In the first installment of our ultimate guide to the law in pop culture series, we curated a list of top TV shows that involve various legal themes and span multiple genres. For law students who either prefer full-length films to hour-long episodes, or are simply looking for some good legal entertainment during a law school break, the second part of our series focuses on the law found in the forms of movies and documentaries. [Read more…]

The Challenges for Women in In-House Legal Roles

Challenges of being a woman and an in-house attorneyThis week our guest writer, an in-house attorney, discusses the unique challenges of being a woman attorney in an in-house legal role and how she has dealt with these challenges.

Even as more women graduate from law school than ever before, carving out a successful legal career as a woman can be an extremely challenging undertaking. A recent report showed that women make up just 35 percent of lawyers at law firms. There are few comprehensive studies about the overall percentage of women in in-house roles, but one statistic paints a stark picture: as of 2015, just 22% of Fortune 500 companies had a woman in the top legal position.

An in-house legal career offers some enticing advantages over the traditional law firm track. Compared to their counterparts at law firms, in-house lawyers generally enjoy an improved work-life balance, have more leadership opportunities, aren’t under pressure to bring in new clients, and are free from the billable hour (and all of the paperwork that goes with it). But even with these perks, there are many challenges faced by women in in-house legal departments. If you’re considering taking an in-house legal position, here’s what you can do to confront these challenges head-on. [Read more…]

Lessons Learned While Preparing for Parental Leave

Maternity Leave Part 1Please welcome back Jennifer Warren, attorney and Academic Achievement Coordinator at Oklahoma City University School of Law, to discuss her own experience preparing for her second parental leave and the lessons she learned after her first leave.

During my first pregnancy I was working in-house as a litigator for a governmental entity. I was extremely fortunate to work in a family friendly environmental with other lawyers who were willing to help cover cases or issues that arose during my maternity leave. But even in a supportive office like mine, I remember feeling guilty about taking such a long leave (11 weeks!) and potentially causing my colleagues more work. I completed as many assignments as possible prior to taking my leave and rearranged scheduling deadlines to compensate for my absence, but I knew there would be at least a few seemingly minor tasks that would arise while I was away. No problem, I thought, I can manage a few small assignments while on maternity leave.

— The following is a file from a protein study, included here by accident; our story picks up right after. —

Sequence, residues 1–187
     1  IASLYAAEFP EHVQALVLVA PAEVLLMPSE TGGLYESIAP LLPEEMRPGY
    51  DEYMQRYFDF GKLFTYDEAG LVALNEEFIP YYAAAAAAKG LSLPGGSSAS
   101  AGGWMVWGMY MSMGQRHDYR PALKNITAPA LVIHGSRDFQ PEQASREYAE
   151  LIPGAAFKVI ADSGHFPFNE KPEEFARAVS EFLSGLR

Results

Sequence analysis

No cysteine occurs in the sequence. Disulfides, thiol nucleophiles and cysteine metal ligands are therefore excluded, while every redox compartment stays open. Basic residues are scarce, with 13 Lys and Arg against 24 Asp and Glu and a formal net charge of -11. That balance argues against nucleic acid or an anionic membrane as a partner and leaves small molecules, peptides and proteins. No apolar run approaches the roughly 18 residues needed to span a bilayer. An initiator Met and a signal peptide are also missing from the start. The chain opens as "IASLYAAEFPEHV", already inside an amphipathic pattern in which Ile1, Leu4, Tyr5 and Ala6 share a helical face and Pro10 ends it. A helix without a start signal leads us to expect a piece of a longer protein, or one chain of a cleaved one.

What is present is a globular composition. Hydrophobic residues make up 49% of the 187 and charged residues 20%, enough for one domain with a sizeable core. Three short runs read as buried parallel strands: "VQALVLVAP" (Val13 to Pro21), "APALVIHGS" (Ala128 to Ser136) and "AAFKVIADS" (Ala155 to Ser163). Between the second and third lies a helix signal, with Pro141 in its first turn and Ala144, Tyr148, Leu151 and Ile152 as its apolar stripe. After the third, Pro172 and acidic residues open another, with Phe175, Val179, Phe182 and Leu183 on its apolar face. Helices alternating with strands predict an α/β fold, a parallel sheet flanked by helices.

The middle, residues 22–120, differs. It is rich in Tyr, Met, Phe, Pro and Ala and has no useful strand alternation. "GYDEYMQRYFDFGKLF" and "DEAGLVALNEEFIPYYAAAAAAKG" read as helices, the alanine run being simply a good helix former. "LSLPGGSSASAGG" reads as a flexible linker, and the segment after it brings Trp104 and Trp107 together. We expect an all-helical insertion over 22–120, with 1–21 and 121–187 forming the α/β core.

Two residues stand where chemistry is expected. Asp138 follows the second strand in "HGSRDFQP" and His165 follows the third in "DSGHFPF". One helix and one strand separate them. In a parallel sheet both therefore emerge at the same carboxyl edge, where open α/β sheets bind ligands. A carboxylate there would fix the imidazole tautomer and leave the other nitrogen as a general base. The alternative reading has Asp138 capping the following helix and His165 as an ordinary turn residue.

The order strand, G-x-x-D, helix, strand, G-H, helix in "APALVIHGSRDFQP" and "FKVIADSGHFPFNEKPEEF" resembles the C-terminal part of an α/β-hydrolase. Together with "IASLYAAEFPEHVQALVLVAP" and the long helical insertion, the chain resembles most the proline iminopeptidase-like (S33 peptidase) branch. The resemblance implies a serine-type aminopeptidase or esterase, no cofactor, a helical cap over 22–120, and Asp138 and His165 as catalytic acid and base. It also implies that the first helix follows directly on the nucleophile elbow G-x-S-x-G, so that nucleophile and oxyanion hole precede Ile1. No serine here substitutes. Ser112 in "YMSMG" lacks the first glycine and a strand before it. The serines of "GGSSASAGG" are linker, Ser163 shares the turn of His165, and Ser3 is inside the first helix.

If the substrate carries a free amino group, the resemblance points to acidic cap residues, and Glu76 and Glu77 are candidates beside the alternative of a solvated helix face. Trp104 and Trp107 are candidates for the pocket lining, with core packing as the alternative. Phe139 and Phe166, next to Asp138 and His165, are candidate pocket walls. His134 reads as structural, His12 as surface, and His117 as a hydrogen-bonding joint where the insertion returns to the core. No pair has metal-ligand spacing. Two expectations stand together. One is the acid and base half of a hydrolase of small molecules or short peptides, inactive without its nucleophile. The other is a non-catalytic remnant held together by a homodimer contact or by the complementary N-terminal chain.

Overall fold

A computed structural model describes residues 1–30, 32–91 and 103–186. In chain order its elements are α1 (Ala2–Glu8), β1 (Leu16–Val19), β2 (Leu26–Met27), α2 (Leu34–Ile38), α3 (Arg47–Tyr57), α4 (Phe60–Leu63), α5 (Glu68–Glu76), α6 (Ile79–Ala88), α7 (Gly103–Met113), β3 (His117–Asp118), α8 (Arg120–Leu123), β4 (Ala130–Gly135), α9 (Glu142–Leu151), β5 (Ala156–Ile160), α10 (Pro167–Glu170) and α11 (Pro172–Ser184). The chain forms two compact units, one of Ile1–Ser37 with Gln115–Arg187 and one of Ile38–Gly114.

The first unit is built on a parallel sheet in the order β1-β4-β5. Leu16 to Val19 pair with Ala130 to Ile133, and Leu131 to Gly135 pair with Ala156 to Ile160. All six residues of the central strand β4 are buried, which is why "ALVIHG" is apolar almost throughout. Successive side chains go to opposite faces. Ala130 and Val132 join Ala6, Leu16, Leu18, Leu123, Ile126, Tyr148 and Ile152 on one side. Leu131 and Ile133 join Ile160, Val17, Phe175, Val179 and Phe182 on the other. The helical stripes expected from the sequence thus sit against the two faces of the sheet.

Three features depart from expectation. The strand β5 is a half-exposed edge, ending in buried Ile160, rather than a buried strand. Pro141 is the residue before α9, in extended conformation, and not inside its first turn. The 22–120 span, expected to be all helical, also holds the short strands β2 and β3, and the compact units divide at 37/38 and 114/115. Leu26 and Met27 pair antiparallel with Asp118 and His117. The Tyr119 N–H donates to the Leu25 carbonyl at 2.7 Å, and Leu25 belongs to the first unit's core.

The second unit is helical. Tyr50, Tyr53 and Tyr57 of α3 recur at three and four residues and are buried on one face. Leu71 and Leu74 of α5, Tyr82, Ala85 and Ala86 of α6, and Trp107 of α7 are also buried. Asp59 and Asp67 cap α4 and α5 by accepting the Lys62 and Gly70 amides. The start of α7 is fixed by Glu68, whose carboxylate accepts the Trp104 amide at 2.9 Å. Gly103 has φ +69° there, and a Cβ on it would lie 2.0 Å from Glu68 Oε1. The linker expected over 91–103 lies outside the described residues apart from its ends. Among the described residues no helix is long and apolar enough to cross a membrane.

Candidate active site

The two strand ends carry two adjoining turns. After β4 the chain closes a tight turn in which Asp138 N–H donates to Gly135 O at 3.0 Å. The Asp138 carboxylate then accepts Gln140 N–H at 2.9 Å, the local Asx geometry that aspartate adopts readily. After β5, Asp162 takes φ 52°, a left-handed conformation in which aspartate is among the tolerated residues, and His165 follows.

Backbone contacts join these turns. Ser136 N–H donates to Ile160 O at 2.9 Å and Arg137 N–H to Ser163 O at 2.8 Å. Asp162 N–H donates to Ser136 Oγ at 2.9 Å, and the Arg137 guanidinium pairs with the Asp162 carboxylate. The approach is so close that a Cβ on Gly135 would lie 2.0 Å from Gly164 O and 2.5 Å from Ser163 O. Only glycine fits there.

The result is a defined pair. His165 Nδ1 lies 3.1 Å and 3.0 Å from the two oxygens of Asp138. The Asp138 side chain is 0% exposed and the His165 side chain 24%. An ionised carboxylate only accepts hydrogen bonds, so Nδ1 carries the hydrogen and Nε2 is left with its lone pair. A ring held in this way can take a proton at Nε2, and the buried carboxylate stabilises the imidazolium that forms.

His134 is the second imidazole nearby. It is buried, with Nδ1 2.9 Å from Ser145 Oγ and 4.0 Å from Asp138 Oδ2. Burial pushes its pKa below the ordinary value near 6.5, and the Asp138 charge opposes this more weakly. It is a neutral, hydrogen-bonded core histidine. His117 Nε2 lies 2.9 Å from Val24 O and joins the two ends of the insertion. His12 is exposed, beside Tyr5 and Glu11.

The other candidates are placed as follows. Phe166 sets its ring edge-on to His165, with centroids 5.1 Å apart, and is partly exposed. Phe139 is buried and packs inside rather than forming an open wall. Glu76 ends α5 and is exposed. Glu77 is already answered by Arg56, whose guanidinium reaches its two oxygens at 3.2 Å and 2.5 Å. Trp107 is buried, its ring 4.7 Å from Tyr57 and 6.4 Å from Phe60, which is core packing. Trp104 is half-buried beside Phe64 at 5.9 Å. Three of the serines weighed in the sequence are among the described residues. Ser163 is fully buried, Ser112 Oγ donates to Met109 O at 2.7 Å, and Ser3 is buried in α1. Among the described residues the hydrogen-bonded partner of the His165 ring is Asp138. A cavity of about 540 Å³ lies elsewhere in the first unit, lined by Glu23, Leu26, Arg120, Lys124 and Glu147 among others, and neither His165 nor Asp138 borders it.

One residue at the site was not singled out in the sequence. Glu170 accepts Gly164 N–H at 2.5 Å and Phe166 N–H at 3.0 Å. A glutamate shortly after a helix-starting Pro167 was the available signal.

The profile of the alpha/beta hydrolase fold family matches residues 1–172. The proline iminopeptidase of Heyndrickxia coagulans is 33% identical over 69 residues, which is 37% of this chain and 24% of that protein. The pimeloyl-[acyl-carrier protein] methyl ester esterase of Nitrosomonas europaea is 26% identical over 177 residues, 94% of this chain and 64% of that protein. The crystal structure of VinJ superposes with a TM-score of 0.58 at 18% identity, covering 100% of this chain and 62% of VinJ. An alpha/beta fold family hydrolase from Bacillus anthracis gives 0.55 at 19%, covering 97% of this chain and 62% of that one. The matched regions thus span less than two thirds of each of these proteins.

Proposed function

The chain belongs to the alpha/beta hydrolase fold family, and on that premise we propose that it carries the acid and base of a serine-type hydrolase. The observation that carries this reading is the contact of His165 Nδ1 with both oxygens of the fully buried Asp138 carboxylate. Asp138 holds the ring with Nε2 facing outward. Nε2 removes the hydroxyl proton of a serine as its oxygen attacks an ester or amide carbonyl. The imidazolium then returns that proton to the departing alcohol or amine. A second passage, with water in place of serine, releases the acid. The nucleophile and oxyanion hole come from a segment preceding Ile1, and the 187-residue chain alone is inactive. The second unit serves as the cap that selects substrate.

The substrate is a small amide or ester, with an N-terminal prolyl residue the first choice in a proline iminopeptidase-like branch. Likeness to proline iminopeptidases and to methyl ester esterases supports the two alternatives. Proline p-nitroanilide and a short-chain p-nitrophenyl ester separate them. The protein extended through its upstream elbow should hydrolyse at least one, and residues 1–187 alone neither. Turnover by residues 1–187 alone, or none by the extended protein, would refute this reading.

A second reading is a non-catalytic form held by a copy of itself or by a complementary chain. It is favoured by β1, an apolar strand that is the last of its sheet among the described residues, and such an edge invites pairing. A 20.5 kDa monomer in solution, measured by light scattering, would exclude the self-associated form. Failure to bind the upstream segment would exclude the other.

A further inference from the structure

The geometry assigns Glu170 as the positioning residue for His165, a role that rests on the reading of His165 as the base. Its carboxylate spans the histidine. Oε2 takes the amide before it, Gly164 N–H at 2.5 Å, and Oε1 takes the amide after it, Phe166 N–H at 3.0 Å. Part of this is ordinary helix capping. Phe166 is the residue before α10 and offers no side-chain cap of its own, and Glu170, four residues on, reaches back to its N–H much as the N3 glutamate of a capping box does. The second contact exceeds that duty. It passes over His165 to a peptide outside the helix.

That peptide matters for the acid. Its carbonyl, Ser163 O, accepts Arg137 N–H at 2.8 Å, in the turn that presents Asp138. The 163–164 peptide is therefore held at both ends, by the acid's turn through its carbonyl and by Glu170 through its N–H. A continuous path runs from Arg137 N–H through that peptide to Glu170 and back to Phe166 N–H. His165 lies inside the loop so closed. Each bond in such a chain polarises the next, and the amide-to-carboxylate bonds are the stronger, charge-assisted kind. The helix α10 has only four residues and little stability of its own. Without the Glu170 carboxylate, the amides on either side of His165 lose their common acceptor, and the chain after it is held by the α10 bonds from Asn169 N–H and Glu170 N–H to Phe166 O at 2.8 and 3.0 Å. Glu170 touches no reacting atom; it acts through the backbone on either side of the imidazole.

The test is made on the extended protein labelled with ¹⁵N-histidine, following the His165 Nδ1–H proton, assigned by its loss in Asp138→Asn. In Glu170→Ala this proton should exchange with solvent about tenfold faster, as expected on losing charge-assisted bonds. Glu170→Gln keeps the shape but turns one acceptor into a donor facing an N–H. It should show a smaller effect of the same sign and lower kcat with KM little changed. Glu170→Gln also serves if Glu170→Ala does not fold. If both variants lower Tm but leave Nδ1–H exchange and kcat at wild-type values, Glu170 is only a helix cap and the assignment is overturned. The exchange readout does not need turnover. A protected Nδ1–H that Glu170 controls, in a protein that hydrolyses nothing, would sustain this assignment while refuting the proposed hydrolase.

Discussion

Flash forward to a month later, only 2 weeks post-partum, and I find myself cradling my new baby with one hand while typing emails on my phone with the other hand at 4:00 a.m. My precious bundle of joy was adorable, but I was an exhausted, emotional mess. What had seemed like some fairly routine work tasks a few months ago when I was sitting in my office (and still sleeping eight blissful hours a night) was now an overwhelming obligation.

I learned a lot from my first experience with parental leave and now appreciate that good advance planning can make the unique, fleeting challenging experience of caring for a newborn more enjoyable. Here are a few lessons I learned that may help you prepare for your own parental leave.

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Collaboration vs. Competition

Collaboration vs. CompetitionPlease welcome guest writer, Whitney Weatherly, to discuss how to balance the competitive legal world with the need for collaboration and working together.

A student recently requested my help with something, and I declined, deferring to a colleague who specializes in the type of help that she needed. It was a positive interaction, though, and I told one of my coworkers about it. She suggested that I could have done the work, but I insisted that I was right to decline. In a way, my coworker was right. With training, I probably could provide the help that the student needed. But would that have been the best way to serve her and my company?

We live in a world where people are too apt to claim expertise for fear of appearing weak or inadequate. As lawyers and law students, our culture seems to reward all-around experts rather than people who are willing to acknowledge their limitations, defer to the superior knowledge of others, and collaborate when appropriate. It’s time to think about the spectrum between competition and collaboration, and how attorneys can move the industry standard in a way that fosters information sharing for the benefit of clients. [Read more…]

How to Go In-House Straight from Law School

MotivationToday’s guest writer discusses how you can make the jump from law school to an in-house position without stopping at a law firm first!

If you’ve been following news coverage of the legal job market lately, you may be aware of a new development in legal hiring. In recent years, more and more companies have been willing to hire early-career attorneys to work in their in-house legal departments who are either new graduates or have just a few years’ experience. Gone are the days when landing an in-house position requires several years of prior law firm practice. So how can law students take advantage of this emerging trend and best prepare themselves to go in-house immediately or shortly after graduation? [Read more…]